Over the next twelve months, Zippy Bags, Inc. plans to build out its brand and reputation while marketing in the wholesale-retail sporting goods industry, thereby attracting new customers. Currently the Company employs one employee, however as the Company grows, it plans to employ additional employees, as required.
  
Based on our current operating plan, we do not expect to generate revenue that is sufficient to cover our expenses for the next six months, and we will need to obtain additional financing to operate our business for the next six months. Our “burn rate” is approximately $2,110 per month. Most of our expenses are anticipated to be legal, accounting, transfer agent, and other costs associated with being a public company. Additional financing, whether through public or private equity or debt financing, arrangements with the security holder or other sources to fund operations, may not be available, or if available, may be on terms unacceptable to us. Our ability to maintain sufficient liquidity is dependent on our ability to raise additional capital.

If we issue additional equity securities to raise funds, the ownership percentage of our existing security holder would be reduced. New investors may demand rights, preferences or privileges senior to those of existing holders of our common stock. Debt incurred by us would be senior to equity in the ability of debt holders to make claims on our assets. The terms of any debt issued could impose restrictions on our operations. If adequate funds are not available to satisfy either short or long-term capital requirements, our operations and liquidity could be materially adversely affected and we could be forced to cease operations.

If we are successful in our efforts to raise the $75,000, our twelve month operating plan shall be as follows (We would not move into our operations phase until we have established our internet site to sell our snowboard carrying bags even if we are successful in our efforts to raise the $75,000 of capital).
 
           The implementation of our direct sales model through Ms. Somsen through the commencement of sales will cost at least $75,000. We will allocate $35,000 toward marketing materials which include flyers, brochures, direct marketing DVD’s and mailing costs. The company intends to allocate the $35,000 for Marketing as soon as the $75,000 is raised.
             
           Software and hardware to develop an internet site will cost the company at least $10,000. As a snowboard carrying bag company continued improvements and upgrades will be required. User features and website content updates are vital to continued visitations by online users. This cost signifies the system creation. The company intends to allocate these funds within four months of the funds becoming available.

           Program administration and working capital expenses until such time as there are sufficient sales to cash-flow operations will cost the company at least $15,000. This is the necessary working capital to fund operations until such time as revenues exceed expenses. This will cover audit fees, legal fees associated with the offering and all other management expenses such as those from industry consultants and advisors. The company intends to pay its legal and accounting and all other management fees as they become due.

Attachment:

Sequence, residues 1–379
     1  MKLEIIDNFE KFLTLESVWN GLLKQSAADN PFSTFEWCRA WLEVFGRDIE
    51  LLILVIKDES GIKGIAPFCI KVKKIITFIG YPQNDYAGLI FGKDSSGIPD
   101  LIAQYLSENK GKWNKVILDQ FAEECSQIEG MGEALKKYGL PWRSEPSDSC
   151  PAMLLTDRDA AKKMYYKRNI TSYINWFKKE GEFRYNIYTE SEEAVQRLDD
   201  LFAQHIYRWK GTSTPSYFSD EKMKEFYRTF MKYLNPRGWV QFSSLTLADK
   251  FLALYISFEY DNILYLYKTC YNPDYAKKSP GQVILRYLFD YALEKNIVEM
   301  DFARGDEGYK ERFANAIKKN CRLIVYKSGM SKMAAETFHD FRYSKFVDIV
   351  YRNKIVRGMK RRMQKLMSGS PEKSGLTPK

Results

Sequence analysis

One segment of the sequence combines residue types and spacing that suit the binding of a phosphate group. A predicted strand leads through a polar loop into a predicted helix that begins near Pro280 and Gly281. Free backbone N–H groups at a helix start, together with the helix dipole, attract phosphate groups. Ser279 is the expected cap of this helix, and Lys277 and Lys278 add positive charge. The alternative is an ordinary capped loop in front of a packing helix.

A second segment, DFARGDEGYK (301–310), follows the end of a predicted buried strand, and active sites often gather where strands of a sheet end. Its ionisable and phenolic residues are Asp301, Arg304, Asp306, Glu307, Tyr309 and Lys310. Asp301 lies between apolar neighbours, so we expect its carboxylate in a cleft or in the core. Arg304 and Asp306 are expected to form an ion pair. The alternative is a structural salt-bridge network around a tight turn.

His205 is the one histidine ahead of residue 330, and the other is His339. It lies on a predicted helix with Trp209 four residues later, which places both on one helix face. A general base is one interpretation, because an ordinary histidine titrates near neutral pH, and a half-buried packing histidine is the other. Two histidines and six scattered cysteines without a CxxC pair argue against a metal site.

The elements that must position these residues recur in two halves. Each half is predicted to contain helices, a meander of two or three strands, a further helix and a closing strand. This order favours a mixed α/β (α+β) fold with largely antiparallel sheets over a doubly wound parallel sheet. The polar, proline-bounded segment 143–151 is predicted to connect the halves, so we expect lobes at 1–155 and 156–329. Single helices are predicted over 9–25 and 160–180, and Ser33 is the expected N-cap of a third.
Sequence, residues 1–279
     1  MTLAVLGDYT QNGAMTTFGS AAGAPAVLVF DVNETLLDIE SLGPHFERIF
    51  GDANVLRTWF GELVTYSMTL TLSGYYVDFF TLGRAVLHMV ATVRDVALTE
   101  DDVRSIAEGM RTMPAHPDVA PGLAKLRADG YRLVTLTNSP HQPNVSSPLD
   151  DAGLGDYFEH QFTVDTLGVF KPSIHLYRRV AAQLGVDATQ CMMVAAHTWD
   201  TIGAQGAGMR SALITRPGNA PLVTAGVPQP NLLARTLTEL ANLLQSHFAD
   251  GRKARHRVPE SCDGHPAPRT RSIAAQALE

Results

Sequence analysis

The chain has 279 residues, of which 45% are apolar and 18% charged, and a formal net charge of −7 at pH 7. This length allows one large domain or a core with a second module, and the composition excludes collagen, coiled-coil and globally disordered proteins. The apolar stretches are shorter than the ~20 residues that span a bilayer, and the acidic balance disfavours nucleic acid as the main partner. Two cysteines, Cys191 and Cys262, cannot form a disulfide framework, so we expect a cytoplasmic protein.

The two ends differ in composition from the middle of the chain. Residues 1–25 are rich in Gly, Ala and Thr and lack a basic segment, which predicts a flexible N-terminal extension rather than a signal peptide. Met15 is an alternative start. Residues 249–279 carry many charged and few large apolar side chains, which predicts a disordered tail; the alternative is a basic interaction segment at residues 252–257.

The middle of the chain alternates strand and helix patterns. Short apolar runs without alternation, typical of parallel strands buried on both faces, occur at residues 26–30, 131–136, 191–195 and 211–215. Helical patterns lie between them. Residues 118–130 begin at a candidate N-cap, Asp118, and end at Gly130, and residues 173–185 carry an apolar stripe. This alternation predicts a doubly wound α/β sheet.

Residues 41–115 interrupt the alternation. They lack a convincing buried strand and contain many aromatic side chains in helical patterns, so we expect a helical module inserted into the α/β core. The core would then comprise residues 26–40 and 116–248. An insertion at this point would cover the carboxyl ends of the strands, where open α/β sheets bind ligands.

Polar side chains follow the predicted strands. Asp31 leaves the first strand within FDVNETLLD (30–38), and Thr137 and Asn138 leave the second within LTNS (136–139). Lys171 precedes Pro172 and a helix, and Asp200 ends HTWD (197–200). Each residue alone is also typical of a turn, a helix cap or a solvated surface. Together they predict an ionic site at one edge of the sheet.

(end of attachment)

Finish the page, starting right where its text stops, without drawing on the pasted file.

INITIAL SALES STRATEGY

We have established a one-prong sales approach; our approach utilizes direct sales through Janet Somsen. Our direct sales are being conducted by Ms. Somsen, who is currently marketing the product to national and global snowboard and bike shops and outdoor retailers. The Company’s current marketing strategy consists of various Point of Sale material including display racks, posters and flyers developed by Ms. Somsen in the past year.
 
We intend to derive income from these sales and our goal is establish brand recognition.
 
SUBSEQUENT SALES STRATEGY

The Company is also presently developing a marketing program to sell the snowboard and bike carrying bags to the general public, through a combination of direct sales, referral and networking within the industry. The Company is currently educating snowboard and bicycle carrying bag advertisers about our product and working to obtain sales by the ways discussed herein.

Results of Operations for the Years Ended March 31, 2014 and March 31, 2013, and the period from Inception (August 26, 2010) to March 31, 2014.

This discussion may contain forward looking-statements that involve risks and uncertainties.  Our future results could differ materially from the forward looking-statements discussed in this report. This discussion should be read in conjunction with our consolidated financial statements, the notes thereto and other financial information included elsewhere in the report.

Sales
Revenue was $0 for the years ended March 31, 2014 and 2013.  Revenue was $102,948 for the period from inception (August 26, 2010) to March 31, 2014.  The Company had one sale to one customer in the amount of $102,948 during the year ended March 31, 2012.  This sale should not be considered an indication of future sales, and the Company has no assurance that this customer will have a need for the Company’s products in the future.

Cost of Goods Sold